Reproduction: Red-Winged Blackbirds nest in marshes, along watercourses, and in wet fields. The female constructs a cup-shaped nest using grass and sedge, attaching it to plants above water. She typically lays a clutch of 3 to 4 blue-green eggs, which she incubates for about 11-12 days. Males, being polygynous, often have multiple mates during a single breeding season.

Pine Grosbeak

Pine Grosbeak close up
Pine Grosbeak attributes
FeatureMeasurement
Scientific NamePinicola enucleator
Length7.9 to 10.0 in
Wingspan13.0 in
Weight52 to 78 g

The Pine Grosbeak is a striking bird native to the northern regions of North America, often found in coniferous forests. Both males and females have a plump and robust body with a large beak adapted for eating seeds. The male Pine Grosbeak displays a vibrant reddish-pink plumage, while the female has a more subdued grayish-brown coloration.

These birds are typically seen in small flocks, foraging for food in trees and on the ground. They have a preference for seeds, particularly those from various conifer species. The Pine Grosbeak uses its strong bill to crack open the cones of tall trees and extract the seeds, but they also consume berries and small fruits when available.

Where to Spot Virginia’s Red Birds

Venturing through Virginia’s verdant landscapes offers bird enthusiasts a chance to discover a diverse avian tapestry. Here are some prime spots to witness this state’s rich birdwatching experience, especially for those with a penchant for red birds:

  1. Great Dismal Swamp National Wildlife Refuge: Spanning over 112,000 acres, this sanctuary harbors a variety of bird species. The dense woodlands and wetlands attract many songbirds, including the vibrant Northern Cardinal and red-winged denizens.
  2. Shenandoah National Park: Nestled in the Blue Ridge Mountains, this park’s varied elevations and habitats make it a haven for birds. Its lush forests are home to the Scarlet Tanager and other red-breasted species.
  3. Chincoteague National Wildlife Refuge: Located on Virginia’s Eastern Shore, this coastal refuge is an essential stopover for migratory birds. While it’s famous for its wild ponies, the diverse habitats also support red birds like the Red-headed Woodpecker.
  4. James River Park: Situated in Richmond, this urban oasis with its riparian habitats attracts numerous bird species. The thickets and woodlands along the river are particularly favorable for spotting the Summer Tanager and other red-plumaged birds.
  5. Back Bay National Wildlife Refuge: An expansive coastal habitat, it’s a prime location for waterfowl and wading birds. The diverse ecosystems, from beach to forest, provide shelter for various red bird species, making it a must-visit for birdwatchers.
State’s Red BirdsTop Birdwatching Spots
Maryland’s Red birds1. Blackwater National Wildlife Refuge
2. Assateague Island
3. Catoctin Mountain Park
West Virginia’s Red birds1. Canaan Valley National Wildlife Refuge
2. Monongahela National Forest
3. New River Gorge National Park and Preserve
North Carolina’s Red birds1. Alligator River National Wildlife Refuge
2. Cape Hatteras National Seashore
3. Pisgah National Forest
Kentucky’s Red birds1. Land Between the Lakes National Recreation Area
2. Mammoth Cave National Park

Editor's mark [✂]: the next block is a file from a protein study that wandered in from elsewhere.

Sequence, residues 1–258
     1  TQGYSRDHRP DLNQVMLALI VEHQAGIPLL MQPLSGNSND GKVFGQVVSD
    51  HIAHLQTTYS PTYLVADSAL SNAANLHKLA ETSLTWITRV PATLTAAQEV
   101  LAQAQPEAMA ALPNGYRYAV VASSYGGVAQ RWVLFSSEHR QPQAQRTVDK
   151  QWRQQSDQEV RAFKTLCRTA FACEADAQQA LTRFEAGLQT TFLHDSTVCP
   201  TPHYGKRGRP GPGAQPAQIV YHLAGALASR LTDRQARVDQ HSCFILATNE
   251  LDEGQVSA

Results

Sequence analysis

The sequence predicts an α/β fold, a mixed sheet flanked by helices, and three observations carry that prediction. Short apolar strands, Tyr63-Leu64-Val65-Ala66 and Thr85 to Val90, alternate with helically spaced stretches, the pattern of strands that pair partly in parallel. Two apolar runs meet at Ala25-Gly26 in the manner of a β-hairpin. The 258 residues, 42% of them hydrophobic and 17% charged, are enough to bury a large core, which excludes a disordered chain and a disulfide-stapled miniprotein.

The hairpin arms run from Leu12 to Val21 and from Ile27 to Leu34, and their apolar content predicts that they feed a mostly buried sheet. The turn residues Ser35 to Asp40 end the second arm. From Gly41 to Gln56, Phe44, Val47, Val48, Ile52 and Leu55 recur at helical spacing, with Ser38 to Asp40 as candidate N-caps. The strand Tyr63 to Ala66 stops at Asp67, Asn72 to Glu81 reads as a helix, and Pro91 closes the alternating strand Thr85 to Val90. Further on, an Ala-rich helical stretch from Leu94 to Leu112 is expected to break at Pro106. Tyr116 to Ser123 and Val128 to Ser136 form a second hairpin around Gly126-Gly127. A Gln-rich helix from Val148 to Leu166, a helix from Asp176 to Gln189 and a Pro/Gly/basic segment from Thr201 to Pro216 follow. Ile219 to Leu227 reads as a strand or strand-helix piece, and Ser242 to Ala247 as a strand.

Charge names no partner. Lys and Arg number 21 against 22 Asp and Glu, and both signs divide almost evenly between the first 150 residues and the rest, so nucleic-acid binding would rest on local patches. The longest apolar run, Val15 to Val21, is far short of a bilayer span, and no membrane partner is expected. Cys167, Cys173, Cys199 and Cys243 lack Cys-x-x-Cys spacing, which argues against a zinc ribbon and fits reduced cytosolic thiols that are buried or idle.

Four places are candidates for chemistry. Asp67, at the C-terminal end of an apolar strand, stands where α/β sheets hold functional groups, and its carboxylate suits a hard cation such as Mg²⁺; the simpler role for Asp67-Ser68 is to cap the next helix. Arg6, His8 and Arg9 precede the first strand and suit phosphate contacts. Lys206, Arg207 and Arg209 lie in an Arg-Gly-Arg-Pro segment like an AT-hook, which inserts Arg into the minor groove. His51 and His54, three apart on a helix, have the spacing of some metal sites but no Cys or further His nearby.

3. Daniel Boone National Forest
Tennessee’s Red birds1. Great Smoky Mountains National Park
2. Reelfoot Lake
3. Big South Fork National River and Recreation Area

FAQs on Red Bird Species Found in Virginia

Why are black oil sunflower seeds favored by many bird species?

Black oil sunflower seeds are a top pick for many bird species, especially those from central and south America. These seeds are nutritionally dense and cater to a variety of birds, ranging from the vibrant red birds to those with green wings. Their popularity in backyard feeders across the northern and western states, as well as the southern and eastern states, is unmatched. Whether it’s the painted bunting with its bright yellow-green hue or the medium-sized bird like the adult male house finch, these seeds are a magnet.

What distinguishes the painted bunting from other birds?

The painted bunting, predominantly found in Central and South America, stands out among other birds due to its striking appearance. Adult males flaunt a bright yellow-green color, combined with a bright red body. This medium-sized bird often frequents forest edges and is particularly drawn to berry bushes and fruit trees. Their attraction to backyard feeders filled with black oil sunflower seeds is a testament to their diverse diet.

How do white-winged crossbills adapt to their diet?

White-winged crossbills, characterized by their distinctive two white wing bars, are specialized feeders. Native to forest canopies of the northern and western states, these birds have a unique adaptation to extract conifer seeds, especially from pine cones. During the winter months, they rely heavily on these seeds. Their affinity for conifer seeds makes them a rare sight at backyard feeders stocked with black oil sunflower seeds.

Are rose breasted grosbeaks common in the eastern United States?

Rose breasted grosbeaks, known for their vibrant red birds appearance, especially in adult males, are a treat for birdwatchers in the eastern United States. These birds, part of the finch family, have a striking black head and white belly. While they enjoy tiny seeds, their preference for black oil sunflower seeds is evident. Often seen near forest edges, their occasional visits to backyard feeders make them a cherished sight, particularly during migratory periods.